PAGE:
Alcohol ignition interlock schemes (AISs) for drink drive offenders can be mandatory or voluntary in nature, although many include both approaches. Outcome evaluations of AISs show that they effectively reduce or eliminate drink drive offending only for as long as an interlock is installed, as once an interlock is removed risks of re-offending tend to return.
Achieving a critical mass of interlock use among drivers will increasingly develop a sense of normality about interlocks, with benefits in reducing recidivism among drink drivers as well as contributing to reduced alcohol offences and crashes among drivers generally. Increased use of interlocks can come from greater use among non-offender driver groups such as occupational drivers, inclusion of first offenders as well as repeat offenders in AISs and technological advances in interlock design relating to ease of use and tampering prevention.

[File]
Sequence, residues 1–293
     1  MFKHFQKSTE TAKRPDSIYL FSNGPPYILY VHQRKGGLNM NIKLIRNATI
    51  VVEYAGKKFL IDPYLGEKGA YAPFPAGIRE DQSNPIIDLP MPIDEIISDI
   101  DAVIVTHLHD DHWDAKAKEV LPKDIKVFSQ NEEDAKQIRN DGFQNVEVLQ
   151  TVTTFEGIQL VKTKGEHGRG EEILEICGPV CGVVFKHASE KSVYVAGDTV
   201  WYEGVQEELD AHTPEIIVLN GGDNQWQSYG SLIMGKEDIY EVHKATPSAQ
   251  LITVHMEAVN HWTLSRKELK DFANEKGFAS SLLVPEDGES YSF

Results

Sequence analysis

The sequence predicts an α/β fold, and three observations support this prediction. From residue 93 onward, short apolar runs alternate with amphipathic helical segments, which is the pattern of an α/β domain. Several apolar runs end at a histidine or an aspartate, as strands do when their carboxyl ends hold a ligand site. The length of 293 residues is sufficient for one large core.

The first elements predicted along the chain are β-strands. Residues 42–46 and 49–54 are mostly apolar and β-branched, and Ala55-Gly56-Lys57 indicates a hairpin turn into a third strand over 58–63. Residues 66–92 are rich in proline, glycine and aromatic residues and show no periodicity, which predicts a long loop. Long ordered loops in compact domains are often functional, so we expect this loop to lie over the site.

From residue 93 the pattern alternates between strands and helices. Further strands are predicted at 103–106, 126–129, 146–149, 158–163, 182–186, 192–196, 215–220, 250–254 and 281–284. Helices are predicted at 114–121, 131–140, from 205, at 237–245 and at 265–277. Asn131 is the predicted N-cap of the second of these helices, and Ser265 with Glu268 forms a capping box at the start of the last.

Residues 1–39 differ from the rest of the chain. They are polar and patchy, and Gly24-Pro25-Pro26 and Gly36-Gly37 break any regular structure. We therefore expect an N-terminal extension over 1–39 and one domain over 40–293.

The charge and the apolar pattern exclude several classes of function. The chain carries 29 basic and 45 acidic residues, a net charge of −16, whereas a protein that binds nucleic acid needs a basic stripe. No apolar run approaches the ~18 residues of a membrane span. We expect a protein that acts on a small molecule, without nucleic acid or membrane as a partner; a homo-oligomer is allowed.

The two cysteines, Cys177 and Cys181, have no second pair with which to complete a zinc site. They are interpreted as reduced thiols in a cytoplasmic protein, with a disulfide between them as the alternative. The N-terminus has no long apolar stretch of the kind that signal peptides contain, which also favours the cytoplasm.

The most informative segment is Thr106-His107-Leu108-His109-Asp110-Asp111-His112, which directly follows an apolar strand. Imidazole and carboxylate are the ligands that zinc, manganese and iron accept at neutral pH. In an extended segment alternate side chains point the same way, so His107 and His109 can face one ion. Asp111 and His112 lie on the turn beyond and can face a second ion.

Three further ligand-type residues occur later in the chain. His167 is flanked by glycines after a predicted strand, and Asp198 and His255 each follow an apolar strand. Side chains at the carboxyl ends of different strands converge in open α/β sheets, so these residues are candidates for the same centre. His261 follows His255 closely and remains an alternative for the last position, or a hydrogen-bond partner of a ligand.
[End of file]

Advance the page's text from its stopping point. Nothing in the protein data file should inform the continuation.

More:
Other critical operational factors relevant to AIS effectiveness include: the timing of an offender’s admission to an AIS, the degree and nature of participant monitoring while on the AIS, the type of any adjunct education, treatment or other support programs, availability of user cost subsidies, how often participants drive illegally while subject to AIS requirements, and AIS interoperability between jurisdictions.
Based on AIS evaluation findings, together with relevant theoretical and experiential perspectives, a substantial list of best practice components characteristic of effective AISs has been derived. This list can be used to gauge the potential effectiveness of and identify possible areas for improvement in existing AISs.